1. I really like the computer and the Internet and I love having them at home. If I had to choose between tv and computer/internet, I’d probably dump the tv. I use the computer for a greater variety of things, including the entertainment and background noise that the tv provides.
  2. I am not a total computer geek, but I still built my own computer and am going to do so again. This is, however, not really a love of technology, but rather frugality and the enjoyment of customization. Also, I enjoy the challenge of figuring things and understanding my computer. Not that I completely understand it, but truth be told, I think I have more problems with the software than the hardware.
  3. Software: I do use quite a few pieces of social software online, which I find useful. But much of it leaves me cold. For examples, blogging software, flickr, wikis, delicious, feed readers, IMAP email, etc. are thing that I find useful. Others are completely boring, useless, irritating, or disruptive to me, such as Twitter, myspace, Linked In, Second Life, etc. In another area of software, my html skills are out-of-date, and although I’ve tried, I have not had time or sufficient reason to give to other programming languages, such as php or xml, though I have tried. I do try to continue to be aware of what they are capable of in general, even if I have no clue of how they are able to do it.
  4. It took me a long time to buy these things, because of that whole question of usefulness/use question, but now that I have them, I love them: my pda and an iPod. It took me three years to decide on the pda, and I’ve had it for three in April (I think). My reasons for changing are detailed in the post on smartphones, so I won’t go into detail here, but if it weren’t for those problems of battery life, weight, and simplification, I would continue to use it. It took probably three years again for me to decide on an iPod. I considered the other brands and whether or not I would use such a thing; I finally decided it was worth the expense, but I also waited for the price to come down. That never really happened, but I did get more bang for my buck (80GB instead of the earlier 30 GB, for the same price). I have found in the now five months that I’ve had it that I love having it and thoroughly enjoy using it.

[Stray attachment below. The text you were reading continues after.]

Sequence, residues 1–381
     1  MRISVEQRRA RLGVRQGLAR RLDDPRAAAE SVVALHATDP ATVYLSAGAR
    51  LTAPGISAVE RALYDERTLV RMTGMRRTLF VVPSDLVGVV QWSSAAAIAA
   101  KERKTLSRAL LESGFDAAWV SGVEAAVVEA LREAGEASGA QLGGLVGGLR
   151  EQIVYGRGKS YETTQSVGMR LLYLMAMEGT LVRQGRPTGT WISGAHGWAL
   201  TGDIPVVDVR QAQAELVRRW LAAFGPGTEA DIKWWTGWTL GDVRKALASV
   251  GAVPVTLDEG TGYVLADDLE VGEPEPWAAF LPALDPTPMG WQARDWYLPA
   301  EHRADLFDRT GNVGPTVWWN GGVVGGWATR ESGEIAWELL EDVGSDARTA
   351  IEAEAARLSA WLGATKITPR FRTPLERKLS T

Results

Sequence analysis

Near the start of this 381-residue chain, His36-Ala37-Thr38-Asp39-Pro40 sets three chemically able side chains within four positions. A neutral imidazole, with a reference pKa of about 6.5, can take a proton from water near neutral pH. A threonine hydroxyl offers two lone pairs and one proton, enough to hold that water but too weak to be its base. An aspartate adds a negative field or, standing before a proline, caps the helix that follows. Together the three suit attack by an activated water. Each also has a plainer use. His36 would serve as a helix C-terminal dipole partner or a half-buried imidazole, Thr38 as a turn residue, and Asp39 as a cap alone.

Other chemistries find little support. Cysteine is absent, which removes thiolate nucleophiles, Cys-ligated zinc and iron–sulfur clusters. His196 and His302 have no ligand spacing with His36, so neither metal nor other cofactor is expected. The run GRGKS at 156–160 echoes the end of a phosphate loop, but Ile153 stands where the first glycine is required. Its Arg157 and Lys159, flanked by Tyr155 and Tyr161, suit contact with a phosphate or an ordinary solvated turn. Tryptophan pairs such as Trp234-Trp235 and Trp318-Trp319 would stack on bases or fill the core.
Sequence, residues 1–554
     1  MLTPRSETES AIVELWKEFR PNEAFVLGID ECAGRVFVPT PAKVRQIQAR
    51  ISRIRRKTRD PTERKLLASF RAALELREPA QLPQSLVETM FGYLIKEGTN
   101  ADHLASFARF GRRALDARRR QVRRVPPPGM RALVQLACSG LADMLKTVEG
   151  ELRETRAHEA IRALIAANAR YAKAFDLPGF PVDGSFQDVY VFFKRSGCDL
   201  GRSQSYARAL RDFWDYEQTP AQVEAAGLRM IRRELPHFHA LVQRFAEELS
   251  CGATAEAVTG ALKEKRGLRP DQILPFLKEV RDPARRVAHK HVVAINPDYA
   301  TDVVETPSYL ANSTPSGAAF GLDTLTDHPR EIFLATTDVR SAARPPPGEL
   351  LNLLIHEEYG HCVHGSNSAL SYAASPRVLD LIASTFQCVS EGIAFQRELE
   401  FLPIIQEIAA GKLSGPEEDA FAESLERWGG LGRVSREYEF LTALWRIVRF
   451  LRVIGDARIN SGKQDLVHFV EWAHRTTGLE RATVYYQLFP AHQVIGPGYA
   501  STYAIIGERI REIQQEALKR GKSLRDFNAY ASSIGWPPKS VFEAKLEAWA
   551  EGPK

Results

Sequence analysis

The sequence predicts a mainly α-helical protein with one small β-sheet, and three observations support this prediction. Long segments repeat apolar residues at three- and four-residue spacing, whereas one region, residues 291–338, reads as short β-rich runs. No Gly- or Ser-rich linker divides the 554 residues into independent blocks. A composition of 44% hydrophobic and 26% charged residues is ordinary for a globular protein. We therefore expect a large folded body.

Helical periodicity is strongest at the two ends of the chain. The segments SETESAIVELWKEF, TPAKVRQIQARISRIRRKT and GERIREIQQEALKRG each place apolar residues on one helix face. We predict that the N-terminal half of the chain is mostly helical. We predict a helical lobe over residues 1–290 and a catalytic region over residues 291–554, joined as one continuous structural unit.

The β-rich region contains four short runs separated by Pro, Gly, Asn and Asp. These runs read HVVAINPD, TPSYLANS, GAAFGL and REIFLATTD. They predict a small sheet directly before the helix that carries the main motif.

5. A cell phone also took me a long time to get, which was based on my dislike of the telephone in general and the endless availability that it encourages (that’s why I really don’t want a Blackberry). I finally caved and have found it convenient and helpful, but I still use a prepaid plan because I’ve never used it a lot. And I still don’t really like the phone. I will probably go to a monthly with the new smartphone, but only because I am thinking that it’s finally time to get rid of my landline phone. And even then, it will be the cheapest of plans and text messaging ain’t gonna happen, unless somebody sends me something. (Although the WiFi capability that comes with the new phone is interesting. But there is NO WAY I am paying for mobile internet access.)